While I agree that this could certainly happen -- there has already been discussion of Sanders for coaching vacancies and some aver that his best players will follow him if he leaves to coach a major school. Look at what happened at Saint Peters when its coach switched over to Seton Hall. Also, BC has some very rich alumni -- but most have shown an interest in donating to improve academics rather than athletics. What will happen if one of the folks like Musk decides he wants to "sponsor" a team from the college of his choice. It isn't just the wealthy SE conference folks who can change the landscape -- it is anyone with money and willing to spend it on the college of his or her choice. If a private citizen informs an athlete that BC is pursuing that they will pay him or her if the athlete chooses to go to BC, and the prospect meets the academic requirements of BC (if, in fact, BC even knows about the agreement between the sponsor and prospect), the school cannot prevent it. Many companies will pay for employees to attend college and get a degree while they are employed. All of these types of situations could lead to serious problems without any controls -- The NCAA had a chance to fix this and put its head in the sand -- Athletes obtain agents to ensure they are protected and get the best deal -- does this mean that all high school athletes who may be offered college scholarships will have to have agents to protect them -- and what about ethics -- what will the athlete be required to do to keep that sweet deal -- there are just so many road bumps. College sports are at crossroads -- and it is a very precarious one.
 

Gasson 305

Active member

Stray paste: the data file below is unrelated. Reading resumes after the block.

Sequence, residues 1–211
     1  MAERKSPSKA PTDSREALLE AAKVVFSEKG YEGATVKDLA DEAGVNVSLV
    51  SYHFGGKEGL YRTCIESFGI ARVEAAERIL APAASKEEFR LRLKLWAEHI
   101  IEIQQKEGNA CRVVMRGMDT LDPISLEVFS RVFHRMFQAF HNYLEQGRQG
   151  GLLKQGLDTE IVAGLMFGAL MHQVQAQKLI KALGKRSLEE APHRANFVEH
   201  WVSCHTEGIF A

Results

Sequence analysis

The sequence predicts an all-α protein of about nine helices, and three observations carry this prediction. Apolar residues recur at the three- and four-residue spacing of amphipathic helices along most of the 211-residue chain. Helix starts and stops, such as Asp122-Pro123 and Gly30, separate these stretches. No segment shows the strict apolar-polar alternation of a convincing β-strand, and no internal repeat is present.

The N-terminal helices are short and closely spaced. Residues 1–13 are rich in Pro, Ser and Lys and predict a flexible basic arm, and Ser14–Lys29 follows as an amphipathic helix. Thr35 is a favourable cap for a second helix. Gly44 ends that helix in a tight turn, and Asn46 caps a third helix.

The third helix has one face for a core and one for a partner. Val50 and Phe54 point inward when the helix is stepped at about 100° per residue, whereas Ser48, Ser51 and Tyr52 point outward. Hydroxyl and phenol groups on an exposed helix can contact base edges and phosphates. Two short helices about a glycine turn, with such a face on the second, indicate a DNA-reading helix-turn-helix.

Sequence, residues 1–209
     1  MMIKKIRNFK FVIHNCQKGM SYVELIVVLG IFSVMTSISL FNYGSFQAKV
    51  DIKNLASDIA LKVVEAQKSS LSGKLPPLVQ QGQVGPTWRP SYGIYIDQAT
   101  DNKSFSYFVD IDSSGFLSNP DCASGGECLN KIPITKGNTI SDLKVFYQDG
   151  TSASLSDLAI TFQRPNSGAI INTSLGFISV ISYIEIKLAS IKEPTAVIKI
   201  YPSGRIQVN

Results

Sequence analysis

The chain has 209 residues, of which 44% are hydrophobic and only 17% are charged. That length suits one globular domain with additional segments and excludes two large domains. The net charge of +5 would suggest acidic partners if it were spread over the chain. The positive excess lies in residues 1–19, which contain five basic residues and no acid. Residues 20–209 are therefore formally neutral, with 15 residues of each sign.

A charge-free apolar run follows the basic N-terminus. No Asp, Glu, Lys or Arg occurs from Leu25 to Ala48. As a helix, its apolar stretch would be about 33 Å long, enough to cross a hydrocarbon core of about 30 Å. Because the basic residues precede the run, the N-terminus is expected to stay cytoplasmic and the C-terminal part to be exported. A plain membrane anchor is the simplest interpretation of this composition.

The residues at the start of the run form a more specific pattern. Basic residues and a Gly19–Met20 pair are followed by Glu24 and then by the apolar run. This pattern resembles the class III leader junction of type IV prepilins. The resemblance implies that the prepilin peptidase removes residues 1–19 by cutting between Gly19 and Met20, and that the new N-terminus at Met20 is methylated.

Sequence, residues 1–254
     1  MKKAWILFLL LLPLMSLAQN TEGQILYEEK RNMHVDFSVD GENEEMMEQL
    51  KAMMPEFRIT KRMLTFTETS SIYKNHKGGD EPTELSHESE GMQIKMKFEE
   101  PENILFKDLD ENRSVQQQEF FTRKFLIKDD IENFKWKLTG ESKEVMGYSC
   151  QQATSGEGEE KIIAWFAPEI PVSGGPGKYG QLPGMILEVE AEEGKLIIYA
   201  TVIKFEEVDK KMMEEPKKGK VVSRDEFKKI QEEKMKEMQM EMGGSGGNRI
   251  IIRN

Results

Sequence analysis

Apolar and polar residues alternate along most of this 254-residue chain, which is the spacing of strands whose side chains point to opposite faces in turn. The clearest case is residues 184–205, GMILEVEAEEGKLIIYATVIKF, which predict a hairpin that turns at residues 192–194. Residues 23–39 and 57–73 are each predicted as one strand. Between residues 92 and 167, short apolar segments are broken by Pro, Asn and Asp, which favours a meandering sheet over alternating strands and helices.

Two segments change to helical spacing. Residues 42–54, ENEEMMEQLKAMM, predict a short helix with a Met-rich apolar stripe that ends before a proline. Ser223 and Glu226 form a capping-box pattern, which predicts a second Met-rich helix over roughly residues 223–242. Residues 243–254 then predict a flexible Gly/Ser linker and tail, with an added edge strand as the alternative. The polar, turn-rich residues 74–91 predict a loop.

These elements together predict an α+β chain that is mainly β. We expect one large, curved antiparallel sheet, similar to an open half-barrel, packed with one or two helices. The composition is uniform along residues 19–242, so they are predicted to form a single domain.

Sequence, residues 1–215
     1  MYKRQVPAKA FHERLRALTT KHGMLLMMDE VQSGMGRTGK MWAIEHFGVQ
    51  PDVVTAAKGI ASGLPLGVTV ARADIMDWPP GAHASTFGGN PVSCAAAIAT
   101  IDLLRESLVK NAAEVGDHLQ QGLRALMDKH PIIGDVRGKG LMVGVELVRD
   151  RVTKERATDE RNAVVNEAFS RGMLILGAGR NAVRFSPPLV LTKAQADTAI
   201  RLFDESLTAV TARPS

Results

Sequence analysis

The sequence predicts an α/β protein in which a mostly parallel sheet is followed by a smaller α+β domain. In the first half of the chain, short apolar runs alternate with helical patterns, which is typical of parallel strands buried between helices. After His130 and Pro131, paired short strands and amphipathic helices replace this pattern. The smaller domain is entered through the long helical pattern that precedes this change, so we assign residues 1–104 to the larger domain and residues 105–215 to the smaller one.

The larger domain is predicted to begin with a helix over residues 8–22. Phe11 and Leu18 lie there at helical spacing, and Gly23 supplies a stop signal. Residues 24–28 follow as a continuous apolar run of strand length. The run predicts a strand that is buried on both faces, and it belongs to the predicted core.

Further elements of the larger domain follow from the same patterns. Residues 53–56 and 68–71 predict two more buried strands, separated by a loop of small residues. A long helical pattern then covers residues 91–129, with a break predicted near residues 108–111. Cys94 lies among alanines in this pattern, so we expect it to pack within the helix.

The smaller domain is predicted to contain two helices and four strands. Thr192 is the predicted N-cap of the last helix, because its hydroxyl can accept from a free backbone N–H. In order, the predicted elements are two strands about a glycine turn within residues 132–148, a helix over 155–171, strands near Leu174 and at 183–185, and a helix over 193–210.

While I agree that this could certainly happen -- there has already been discussion of Sanders for coaching vacancies and some aver that his best players will follow him if he leaves to coach a major school. Look at what happened at Saint Peters when its coach switched over to Seton Hall. Also, BC has some very rich alumni -- but most have shown an interest in donating to improve academics rather than athletics. What will happen if one of the folks like Musk decides he wants to "sponsor" a team from the college of his choice. It isn't just the wealthy SE conference folks who can change the landscape -- it is anyone with money and willing to spend it on the college of his or her choice. If a private citizen informs an athlete that BC is pursuing that they will pay him or her if the athlete chooses to go to BC, and the prospect meets the academic requirements of BC (if, in fact, BC even knows about the agreement between the sponsor and prospect), the school cannot prevent it. Many companies will pay for employees to attend college and get a degree while they are employed. All of these types of situations could lead to serious problems without any controls -- The NCAA had a chance to fix this and put its head in the sand -- Athletes obtain agents to ensure they are protected and get the best deal -- does this mean that all high school athletes who may be offered college scholarships will have to have agents to protect them -- and what about ethics -- what will the athlete be required to do to keep that sweet deal -- there are just so many road bumps. College sports are at crossroads -- and it is a very precarious one.